The recent column by Paul Craig Roberts entitled "The Feds' sham settlement with Shawmut" (Economic Viewpoint, Jan. 24) was not up to the author's usual standards. Although I agree with Roberts' main premise, that statistics should be used only with great care in discrimination issues, some of his assertions were erroneous. At least three points need to be addressed.
First, the Federal Reserve referred Shawmut National Corp. to the Justice Dept. for further investigation, but the Federal Reserve was not a party to the suit brought by the Justice Dept. In December, 1992, the Federal Reserve Board found that there was reason to believe that a pattern or practice of lending discrimination existed at Shawmut. Under the law, such a pattern or practice does not require any specific complaints about discrimination from potential borrowers but only that the available information indicate unequal treatment. The Federal Reserve Bank of Boston had conducted careful statistical research into lending in the Boston area using lending institutions' own statistics and concluded such unequal treatment existed at Shawmut.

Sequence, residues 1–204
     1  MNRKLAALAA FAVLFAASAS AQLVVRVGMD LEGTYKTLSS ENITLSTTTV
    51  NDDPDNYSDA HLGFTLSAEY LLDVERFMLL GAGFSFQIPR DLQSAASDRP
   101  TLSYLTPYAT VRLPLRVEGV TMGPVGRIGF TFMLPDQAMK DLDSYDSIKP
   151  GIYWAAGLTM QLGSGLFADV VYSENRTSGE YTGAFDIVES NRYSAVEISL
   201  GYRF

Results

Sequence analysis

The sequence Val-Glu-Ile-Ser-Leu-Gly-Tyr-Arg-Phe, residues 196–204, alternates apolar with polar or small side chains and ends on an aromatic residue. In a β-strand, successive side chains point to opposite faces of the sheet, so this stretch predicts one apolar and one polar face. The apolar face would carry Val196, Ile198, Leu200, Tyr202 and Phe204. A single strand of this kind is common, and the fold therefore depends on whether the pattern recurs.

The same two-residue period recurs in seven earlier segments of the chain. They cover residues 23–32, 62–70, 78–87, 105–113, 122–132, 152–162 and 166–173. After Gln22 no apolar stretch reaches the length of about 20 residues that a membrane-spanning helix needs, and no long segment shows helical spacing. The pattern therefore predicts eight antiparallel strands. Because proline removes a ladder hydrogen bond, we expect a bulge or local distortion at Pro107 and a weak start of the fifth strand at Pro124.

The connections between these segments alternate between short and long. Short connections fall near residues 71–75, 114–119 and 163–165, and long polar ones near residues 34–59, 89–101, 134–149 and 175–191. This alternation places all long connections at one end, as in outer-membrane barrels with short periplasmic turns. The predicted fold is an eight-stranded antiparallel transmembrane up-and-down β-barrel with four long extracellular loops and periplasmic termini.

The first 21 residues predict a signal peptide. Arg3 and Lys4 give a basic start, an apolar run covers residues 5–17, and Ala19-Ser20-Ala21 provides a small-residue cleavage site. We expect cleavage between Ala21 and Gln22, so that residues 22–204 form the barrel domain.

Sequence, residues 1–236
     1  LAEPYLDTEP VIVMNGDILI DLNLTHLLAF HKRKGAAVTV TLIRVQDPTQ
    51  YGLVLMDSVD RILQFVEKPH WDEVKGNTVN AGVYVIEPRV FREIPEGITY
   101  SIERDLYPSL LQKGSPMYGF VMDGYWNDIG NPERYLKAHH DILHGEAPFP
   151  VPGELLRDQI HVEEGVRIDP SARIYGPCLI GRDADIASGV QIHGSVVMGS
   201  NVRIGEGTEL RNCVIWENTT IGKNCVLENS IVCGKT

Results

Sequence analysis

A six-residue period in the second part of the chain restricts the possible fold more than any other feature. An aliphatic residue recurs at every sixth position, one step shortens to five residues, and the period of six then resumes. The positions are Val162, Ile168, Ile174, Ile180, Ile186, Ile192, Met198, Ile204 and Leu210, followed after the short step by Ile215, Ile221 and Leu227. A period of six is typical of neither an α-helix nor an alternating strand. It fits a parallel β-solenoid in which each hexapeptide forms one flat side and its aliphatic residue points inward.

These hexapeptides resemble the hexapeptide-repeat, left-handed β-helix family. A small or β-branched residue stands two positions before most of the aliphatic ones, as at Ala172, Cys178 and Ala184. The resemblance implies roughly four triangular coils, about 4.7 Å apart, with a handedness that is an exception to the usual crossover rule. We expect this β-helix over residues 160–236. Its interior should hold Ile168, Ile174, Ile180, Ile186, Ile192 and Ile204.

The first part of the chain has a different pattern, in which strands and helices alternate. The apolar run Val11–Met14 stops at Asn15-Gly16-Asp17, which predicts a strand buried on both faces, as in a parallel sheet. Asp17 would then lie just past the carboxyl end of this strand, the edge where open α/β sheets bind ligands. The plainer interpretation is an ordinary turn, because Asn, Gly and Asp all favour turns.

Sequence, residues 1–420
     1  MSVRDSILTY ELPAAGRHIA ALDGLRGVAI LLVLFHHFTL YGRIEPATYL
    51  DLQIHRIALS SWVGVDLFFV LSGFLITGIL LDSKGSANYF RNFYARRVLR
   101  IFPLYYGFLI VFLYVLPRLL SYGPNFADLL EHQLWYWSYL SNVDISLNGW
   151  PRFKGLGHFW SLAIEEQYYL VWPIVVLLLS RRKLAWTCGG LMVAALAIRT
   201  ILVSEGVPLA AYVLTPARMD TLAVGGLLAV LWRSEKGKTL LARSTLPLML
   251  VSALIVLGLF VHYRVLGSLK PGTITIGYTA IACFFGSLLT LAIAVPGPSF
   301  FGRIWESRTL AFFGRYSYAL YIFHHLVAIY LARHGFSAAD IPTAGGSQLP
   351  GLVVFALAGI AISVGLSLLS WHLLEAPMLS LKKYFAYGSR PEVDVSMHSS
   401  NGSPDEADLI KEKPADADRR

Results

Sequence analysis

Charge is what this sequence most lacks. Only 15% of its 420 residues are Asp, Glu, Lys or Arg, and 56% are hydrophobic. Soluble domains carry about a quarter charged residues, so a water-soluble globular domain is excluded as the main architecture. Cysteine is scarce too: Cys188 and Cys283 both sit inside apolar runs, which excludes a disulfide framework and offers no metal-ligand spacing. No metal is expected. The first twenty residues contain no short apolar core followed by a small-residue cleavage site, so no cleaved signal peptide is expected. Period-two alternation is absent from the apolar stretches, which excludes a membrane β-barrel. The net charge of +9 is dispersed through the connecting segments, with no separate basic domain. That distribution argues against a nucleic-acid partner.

Second, the claim that I "organized the hit on Shawmut" does not comport with the facts. On Nov. 15, 1993, Shawmut failed in its attempt to get approval of the Federal Reserve Board to acquire the New Dartmouth Bank of Manchester, N.H., for two explicit reasons: the high rate of inaccurate data provided in Shawmut's Home Mortgage Disclosure Act filing and the inability of Shawmut to show that it had programs in place and working to ensure compliance with the Equal Credit Opportunity Act. In no way was the Shawmut disposition the result of any orchestration on my part or anyone else's. The case came before the board and was voted on. Period.
Third, Roberts' assertion that Shawmut's $1 million settlement with the Justice Dept. "was a bribe so that the Fed would remove barriers it had erected to the bank's acquisition plans" ignores both the stated reasons for Shawmut's rejection and that the Federal Reserve Board was not a party to the Shawmut settlement. The Federal Reserve was not involved in any of the settlement decisions, and the opinions of the governors in the Shawmut case did not suggest in any way that a settlement was a precondition for board approval of Shawmut acquisition applications.
Lawrence B. Lindsey, Governor
Federal Reserve Board